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When aggressive trading can pay off

A Tuesday Trade Edition: One of the most important concepts in trading is to review your work, and learn from the good and the bad. It’s critical to identify what’s working — to do more of it. Each week, you’ll get a trade from my trading journal, in which I explain my whole thought process from start to finish. Trading is all about finding something that works, and applying it, over and over again. That’s how you find trading success. So study up on this “Tuesday Trade” and let’s get to work.

Let’s talk about Chewy… yes, again.

When you find a ticker that works really well with your trading style as well as some of your favorite strategies, as long as there’s a setup present… there’s no reason not to trade it again and again.

With that said, this ticker fits in a couple of different places…

It’s a setup from my Short Interest Secrets Class, which means it’s a high short interest setup (a.k.a. A short squeeze). And it’s also one of my favorite Phoenix stocks, as I’ve said before when I’ve mentioned Chewy.

I went ahead and got into this trade after it reported earnings on December 8th. If you go back and look at the chart from this day you can see, at that moment in time, it was right up at a new all-time high. Now normally I don’t recommend getting into a ticker when it’s at an all-time high.

However…

The difference with this ticker is that it has high short interest. So what that means is that there’s an abnormal percentage of shares being held short. So what happens? When a stock gets to a new high on high volume, the short sellers panic and have to buy to cover to get out of their positions. That ends up causing a short squeeze.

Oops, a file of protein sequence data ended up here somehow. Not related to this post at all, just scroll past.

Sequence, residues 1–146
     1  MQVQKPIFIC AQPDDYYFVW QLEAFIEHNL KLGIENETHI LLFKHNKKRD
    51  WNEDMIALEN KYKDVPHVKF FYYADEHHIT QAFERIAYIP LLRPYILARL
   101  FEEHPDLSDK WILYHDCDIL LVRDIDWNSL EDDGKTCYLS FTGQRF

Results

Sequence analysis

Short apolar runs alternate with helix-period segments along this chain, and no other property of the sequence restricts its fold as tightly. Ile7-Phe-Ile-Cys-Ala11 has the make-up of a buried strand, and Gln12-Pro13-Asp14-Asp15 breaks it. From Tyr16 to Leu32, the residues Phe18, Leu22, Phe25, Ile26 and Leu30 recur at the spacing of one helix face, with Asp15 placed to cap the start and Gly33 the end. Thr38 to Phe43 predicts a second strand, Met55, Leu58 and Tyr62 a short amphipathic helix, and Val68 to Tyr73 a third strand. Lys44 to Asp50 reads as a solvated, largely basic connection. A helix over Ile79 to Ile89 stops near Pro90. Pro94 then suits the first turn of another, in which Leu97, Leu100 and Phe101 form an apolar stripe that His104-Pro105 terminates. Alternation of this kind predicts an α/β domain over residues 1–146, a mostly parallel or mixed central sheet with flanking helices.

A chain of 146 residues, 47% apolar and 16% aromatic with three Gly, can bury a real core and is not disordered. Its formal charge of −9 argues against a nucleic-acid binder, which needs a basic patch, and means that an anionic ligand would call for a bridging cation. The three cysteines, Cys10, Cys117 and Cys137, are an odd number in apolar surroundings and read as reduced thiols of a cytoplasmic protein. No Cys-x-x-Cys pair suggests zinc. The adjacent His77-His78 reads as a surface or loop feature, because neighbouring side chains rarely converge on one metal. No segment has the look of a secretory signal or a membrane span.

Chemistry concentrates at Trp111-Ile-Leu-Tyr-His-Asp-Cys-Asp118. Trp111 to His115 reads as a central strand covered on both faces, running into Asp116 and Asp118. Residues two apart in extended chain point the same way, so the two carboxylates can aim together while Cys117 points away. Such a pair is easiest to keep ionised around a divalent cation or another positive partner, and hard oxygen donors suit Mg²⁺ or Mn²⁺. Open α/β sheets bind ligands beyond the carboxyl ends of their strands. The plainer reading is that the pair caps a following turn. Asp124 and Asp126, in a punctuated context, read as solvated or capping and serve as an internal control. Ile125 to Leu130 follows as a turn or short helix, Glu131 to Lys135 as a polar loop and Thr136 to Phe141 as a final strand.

I won’t lie… this was an aggressive trade because I bought Chewy when it was at an all-time high. At the time it was trading at about $89, so I bought 100 shares of stock. I did that because you don’t have to worry about trying to time it. Plus I was on vacation and wanted to be away from my computer for awhile. Then I also added a low-priced butterfly.

The Butterfly:

So I set up a 90, 100, 110 butterfly.

That means that my butterfly was $10 wide and was targeting a price of $100. Something I haven’t mentioned yet (but is also important to know) is that when I placed this trade it was also options expiration week. I noticed that in the options chain, Chewy had a lot of high open interest at the $100 strike.

This trade was really a combination of everything I do: short squeeze, phoenix, and my stacked profits strategy. After all, stacked profits is all about identifying directional targets and then placing a butterfly targeting that zone to maximize the risk to reward.

The Profit(s):

In this trade, I ended up making a few thousands dollars because I had 100 shares of stock, and I scaled out of them as Chewy traded higher. At the time when I took the screenshot of my profits below I had scaled out of 90 shares, so I only had 10 left.

I had 5 bullish butterflies, and I paid $1.61 for each one ($161 apiece). So I started scaling out at $5, then a couple more at $6, then another at $8, and then the very last one at $9. The last one turns out to be about 5.5X my debit.

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